I should note that when I received similar paperwork from CRI upon my enrollment, every place that either I or my employees needed to complete or sign was color coded in highlighter to make the process simple, and the few questions I had were answered promptly and clearly. I experienced no delays and was able to start my new employees as soon as I could hire them.
I completed everything exactly as instructed by CFM, with the help of the I-9 form I found online, since the woman who answered my questions about the paperwork apparently didn't have the list of acceptable forms of ID and their categories for the I-9, either. She obviously didn't know what I meant when I asked her about that, so it seemed easier to find the information myself. I hoped she was a temp employee, since she was less familiar with such forms than I was!
Finally, I was able to hire one new caregiver, and I thought my problems with CFM were over. Once my paperwork was received and my agent assigned, I mistakenly believed, things would go smoothly. Things were looking up!
Others I was ready to hire during the last week of July and beginning of August suddenly lost interest in the job. I now suspect they knew something I didn't yet--most caregivers for participants transferred to CFM hadn't been paid at all since July 1!
At no time during my conversations with CFM staff members in July did any of them mention payroll issues to me. I discovered the true extent of the problems at CFM only after my newly hired caregiver failed to receive her first pay on August 9. Since that time, I have been unable to reach CFM by phone at all, even to leave a message--a problem encountered by everyone trying to call them. Emails and postal mail are not acknowledged. My new worker continued to both fax and mail her timesheets--which are extraordinarily difficult to complete--to CFM each week, but still, she wasn't paid.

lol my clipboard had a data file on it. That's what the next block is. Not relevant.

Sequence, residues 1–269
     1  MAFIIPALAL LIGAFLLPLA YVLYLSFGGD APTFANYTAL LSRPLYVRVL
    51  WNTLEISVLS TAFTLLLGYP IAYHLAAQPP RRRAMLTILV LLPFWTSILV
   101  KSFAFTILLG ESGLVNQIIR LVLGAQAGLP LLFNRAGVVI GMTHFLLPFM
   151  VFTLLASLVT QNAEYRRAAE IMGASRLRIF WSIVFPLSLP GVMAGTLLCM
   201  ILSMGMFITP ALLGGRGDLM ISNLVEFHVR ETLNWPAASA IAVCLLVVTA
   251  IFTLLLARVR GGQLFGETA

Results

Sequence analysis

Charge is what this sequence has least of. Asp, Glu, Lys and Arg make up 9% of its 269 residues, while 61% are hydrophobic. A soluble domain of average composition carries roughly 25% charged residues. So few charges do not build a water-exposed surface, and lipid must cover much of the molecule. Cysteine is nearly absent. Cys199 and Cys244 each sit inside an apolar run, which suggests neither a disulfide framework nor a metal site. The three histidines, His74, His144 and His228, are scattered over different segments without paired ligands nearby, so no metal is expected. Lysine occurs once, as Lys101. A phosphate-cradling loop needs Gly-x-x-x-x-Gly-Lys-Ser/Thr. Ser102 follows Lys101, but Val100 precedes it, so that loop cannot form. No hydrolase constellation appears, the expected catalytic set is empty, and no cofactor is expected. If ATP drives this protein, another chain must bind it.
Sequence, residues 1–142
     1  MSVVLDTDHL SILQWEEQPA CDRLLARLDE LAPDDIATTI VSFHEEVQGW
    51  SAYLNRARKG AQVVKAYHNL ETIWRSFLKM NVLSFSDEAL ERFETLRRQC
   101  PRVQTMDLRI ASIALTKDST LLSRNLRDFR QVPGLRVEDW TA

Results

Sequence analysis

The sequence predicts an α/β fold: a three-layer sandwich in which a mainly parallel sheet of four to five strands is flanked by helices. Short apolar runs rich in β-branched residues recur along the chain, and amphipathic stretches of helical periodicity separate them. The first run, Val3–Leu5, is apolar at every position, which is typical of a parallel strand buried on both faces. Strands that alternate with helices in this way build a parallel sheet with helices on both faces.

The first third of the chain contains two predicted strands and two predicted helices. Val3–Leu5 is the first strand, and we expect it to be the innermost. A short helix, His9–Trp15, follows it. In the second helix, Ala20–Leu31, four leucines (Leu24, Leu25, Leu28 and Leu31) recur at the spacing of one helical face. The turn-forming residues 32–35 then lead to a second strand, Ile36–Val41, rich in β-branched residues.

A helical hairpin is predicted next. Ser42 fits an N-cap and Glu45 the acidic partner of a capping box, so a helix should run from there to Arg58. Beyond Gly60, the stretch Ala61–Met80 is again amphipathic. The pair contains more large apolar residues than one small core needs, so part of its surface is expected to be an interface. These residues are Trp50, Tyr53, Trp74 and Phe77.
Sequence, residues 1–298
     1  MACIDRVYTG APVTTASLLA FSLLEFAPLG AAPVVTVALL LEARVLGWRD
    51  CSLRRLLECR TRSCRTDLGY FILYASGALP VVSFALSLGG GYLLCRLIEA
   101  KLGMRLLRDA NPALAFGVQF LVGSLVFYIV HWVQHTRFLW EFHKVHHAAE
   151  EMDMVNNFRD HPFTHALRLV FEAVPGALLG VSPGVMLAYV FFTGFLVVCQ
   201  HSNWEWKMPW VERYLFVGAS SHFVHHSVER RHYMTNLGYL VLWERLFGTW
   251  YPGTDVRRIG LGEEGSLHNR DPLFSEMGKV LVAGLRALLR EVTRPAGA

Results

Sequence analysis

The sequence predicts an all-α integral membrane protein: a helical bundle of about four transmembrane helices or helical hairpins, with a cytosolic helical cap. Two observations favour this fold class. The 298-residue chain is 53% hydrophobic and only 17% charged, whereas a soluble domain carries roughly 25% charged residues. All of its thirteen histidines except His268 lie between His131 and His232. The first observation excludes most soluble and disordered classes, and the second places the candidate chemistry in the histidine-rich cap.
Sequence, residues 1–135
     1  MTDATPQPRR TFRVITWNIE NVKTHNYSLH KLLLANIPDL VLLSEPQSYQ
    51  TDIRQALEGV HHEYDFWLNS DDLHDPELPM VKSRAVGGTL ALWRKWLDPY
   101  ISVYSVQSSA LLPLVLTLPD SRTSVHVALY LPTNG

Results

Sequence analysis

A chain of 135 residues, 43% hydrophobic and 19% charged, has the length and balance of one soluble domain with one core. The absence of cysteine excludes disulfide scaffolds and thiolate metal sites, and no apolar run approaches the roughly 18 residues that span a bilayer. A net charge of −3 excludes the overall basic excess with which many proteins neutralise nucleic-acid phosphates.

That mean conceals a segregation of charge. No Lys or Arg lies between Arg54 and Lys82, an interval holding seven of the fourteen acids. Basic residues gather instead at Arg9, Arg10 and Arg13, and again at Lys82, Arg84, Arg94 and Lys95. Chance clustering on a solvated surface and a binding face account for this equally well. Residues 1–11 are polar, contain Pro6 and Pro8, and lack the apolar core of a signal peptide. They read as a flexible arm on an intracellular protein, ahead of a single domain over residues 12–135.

My caregiver and I made calls to our state representatives' offices in August, who offered to help with faxing timesheets and information to CFM. OLTL also took our info. At least four separate agencies/individuals passed our information on to CFM, and still--no pay for my caregiver, and no contact from CFM. CFM had called me once, shortly before the first missed pay, but the phone connection was so poor, I couldn't understand the caller's name, let alone the purpose of the call. I couldn't return the call anyway, since I couldn't reach CFM, even to leave a message.
After six weeks without any pay, my newly hired caregiver quit working for me. Since I'd been unable to find anyone willing to take my other position, I was again without any help.
About the time my worker missed her first pay, I received a letter, very similar to the one posted on CFM's website, apologizing for delays in pay. Included were new forms, and instructions for participants to record missed pay on these forms, and to keep them handy, as CFM would be calling during the last week of July (which had already passed) to collect this information from us. I filled out the forms, and continued trying to reach CFM myself once or twice a week, but they didn't call me.